Hackers Fly High with Air Force Bug Bounty

Written by

Following up on its by-all-accounts successful Hack the Army big bounty trial, the Pentagon has announced that the Air Force has become the second US military branch to invite hackers to do their worst.

The initiative, part of the Cyber Secure campaign sponsored by the Air Force’s CIO, is broadening the participation pool this time to include not just US citizens, but also white-hat hackers from the United Kingdom, Canada, Australia and New Zealand.

 “This outside approach—drawing on the talent and expertise of our citizens and partner-nation citizens—in identifying our security vulnerabilities will help bolster our cybersecurity. We already aggressively conduct exercises and 'red team' our public facing and critical websites. But this next step throws open the doors and brings additional talent onto our cyber team,” said Air Force Chief of Staff Gen. David L. Goldfein.

The Department of Defense’s "Hack the Pentagon" initiative was launched by the Defense Digital Service in April 2016 as the first bug bounty program employed by the federal government. More than 1,400 hackers registered to participate in the program. Nearly 200 reports were received within the first six hours of the program’s launch, and $75,000 in total bounties was paid out to participating hackers.

Then in November, the DoD announced the Hack the Army initiative. The first vulnerability was reported within six minutes of the program launch. During the three-week program, 179 hackers participated by submitting at least one bug. In all, 416 bugs were submitted, 120 of which were actionable, meaning unique and not duplicates. Approximately $100,000 was paid out in total to researchers.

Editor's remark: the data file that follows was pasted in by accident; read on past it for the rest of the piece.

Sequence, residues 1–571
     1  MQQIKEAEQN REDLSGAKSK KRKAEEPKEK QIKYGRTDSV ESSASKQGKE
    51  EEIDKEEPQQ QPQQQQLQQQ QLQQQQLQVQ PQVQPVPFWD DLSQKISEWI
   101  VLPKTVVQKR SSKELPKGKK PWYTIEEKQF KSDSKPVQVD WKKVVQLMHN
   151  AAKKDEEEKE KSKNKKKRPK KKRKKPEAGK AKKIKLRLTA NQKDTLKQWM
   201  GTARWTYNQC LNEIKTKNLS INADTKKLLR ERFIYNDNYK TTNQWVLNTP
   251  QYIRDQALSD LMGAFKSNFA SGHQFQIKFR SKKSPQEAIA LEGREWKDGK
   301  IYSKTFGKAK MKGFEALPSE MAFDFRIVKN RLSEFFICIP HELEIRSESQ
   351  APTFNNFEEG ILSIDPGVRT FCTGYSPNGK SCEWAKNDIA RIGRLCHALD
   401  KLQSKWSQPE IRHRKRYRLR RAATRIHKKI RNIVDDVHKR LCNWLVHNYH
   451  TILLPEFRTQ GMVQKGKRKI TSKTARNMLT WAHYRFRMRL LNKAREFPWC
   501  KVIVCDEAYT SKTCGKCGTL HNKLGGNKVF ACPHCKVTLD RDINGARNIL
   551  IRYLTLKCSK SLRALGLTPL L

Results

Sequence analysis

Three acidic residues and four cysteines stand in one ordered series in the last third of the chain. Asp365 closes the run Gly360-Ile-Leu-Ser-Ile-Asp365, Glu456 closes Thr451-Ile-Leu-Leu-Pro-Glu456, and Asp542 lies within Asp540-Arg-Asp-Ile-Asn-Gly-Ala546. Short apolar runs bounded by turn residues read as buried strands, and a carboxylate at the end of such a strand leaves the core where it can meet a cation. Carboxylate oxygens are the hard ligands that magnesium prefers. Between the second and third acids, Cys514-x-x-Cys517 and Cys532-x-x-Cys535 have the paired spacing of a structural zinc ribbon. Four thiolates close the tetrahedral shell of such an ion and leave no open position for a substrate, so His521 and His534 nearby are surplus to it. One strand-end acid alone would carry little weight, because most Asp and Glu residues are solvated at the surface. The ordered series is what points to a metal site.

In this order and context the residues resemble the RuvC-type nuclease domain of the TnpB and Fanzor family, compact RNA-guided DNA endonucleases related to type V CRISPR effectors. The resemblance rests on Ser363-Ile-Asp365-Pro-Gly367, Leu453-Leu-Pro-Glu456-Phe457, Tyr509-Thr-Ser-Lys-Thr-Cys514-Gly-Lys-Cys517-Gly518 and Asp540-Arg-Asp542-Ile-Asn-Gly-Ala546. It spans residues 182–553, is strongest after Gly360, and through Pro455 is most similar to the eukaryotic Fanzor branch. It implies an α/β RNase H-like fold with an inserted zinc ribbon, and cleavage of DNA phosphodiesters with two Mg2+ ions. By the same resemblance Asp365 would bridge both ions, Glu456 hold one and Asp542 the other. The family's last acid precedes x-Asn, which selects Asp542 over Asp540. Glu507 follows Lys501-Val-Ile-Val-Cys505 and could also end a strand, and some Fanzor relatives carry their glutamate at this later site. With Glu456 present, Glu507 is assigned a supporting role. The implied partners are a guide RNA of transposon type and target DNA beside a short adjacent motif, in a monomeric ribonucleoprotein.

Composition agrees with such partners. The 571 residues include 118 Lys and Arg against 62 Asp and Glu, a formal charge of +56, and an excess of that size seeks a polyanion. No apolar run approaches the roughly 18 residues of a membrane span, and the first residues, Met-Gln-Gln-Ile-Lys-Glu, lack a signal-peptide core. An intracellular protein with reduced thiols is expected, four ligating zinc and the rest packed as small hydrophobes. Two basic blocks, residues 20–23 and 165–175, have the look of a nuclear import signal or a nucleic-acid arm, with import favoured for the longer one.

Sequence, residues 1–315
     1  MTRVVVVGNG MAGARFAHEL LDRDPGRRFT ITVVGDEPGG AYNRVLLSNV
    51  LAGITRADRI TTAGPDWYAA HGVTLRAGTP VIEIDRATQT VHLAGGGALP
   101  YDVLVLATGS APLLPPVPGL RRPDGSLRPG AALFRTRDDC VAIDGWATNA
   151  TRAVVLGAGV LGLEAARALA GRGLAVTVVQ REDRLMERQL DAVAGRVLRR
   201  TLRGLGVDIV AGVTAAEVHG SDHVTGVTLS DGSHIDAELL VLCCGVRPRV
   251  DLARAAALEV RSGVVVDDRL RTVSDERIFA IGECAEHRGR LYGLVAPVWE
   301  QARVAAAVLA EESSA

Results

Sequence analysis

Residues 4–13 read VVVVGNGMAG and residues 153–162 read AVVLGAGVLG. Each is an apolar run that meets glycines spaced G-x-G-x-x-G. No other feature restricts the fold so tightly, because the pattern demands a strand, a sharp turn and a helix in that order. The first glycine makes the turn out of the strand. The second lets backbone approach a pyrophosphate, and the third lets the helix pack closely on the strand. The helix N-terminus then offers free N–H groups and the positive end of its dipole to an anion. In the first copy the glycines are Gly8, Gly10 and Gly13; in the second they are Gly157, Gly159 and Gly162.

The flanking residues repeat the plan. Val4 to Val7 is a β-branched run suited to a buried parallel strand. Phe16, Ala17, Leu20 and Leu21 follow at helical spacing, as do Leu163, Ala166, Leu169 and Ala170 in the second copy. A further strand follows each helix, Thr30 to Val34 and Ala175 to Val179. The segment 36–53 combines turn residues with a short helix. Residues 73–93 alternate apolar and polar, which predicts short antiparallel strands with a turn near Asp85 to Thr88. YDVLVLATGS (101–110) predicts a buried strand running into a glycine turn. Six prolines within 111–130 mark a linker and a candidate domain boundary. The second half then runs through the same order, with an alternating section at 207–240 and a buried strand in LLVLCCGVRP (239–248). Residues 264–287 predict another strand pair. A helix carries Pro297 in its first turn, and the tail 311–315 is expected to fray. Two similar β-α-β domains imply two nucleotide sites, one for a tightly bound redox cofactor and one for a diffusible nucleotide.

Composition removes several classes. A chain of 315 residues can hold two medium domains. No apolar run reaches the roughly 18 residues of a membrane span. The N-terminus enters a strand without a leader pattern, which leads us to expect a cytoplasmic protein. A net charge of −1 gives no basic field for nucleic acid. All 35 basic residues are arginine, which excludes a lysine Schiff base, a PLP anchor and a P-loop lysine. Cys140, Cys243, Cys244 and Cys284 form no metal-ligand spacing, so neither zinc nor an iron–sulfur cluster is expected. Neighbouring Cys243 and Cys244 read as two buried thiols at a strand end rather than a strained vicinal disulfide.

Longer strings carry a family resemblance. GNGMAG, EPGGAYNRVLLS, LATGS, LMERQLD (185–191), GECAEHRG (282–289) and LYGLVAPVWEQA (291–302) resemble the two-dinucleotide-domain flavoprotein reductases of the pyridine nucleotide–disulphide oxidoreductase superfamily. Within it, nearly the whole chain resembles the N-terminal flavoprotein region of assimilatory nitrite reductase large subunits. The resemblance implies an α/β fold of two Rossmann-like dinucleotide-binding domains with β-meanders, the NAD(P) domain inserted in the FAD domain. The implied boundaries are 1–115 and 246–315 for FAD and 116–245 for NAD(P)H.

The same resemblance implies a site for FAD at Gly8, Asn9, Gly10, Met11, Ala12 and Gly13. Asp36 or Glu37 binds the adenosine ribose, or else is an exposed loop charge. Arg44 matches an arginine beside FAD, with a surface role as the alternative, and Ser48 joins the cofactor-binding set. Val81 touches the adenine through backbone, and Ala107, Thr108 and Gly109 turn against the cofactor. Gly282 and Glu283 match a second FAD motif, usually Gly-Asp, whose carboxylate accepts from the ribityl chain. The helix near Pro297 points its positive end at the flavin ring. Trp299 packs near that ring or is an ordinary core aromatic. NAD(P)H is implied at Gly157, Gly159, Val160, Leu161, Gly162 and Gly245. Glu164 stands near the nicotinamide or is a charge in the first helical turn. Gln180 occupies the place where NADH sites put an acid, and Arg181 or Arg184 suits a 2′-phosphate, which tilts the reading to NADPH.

Now, it’s the Air Force’s turn.

“This is the first time the AF has opened up our networks to such a broad scrutiny,” said Peter Kim, the Air Force CISO. “We have malicious hackers trying to get into our systems every day. It will be nice to have friendly hackers taking a shot and, most importantly, showing us how to improve our cybersecurity and defense posture. The additional participation from our partner nations greatly widens the variety of experience available to find additional unique vulnerabilities.”

Registration for the Hack the Air Force event opens May 15 on the HackerOne website. The contest opens May 30 and ends June 23. 

What’s hot on Infosecurity Magazine?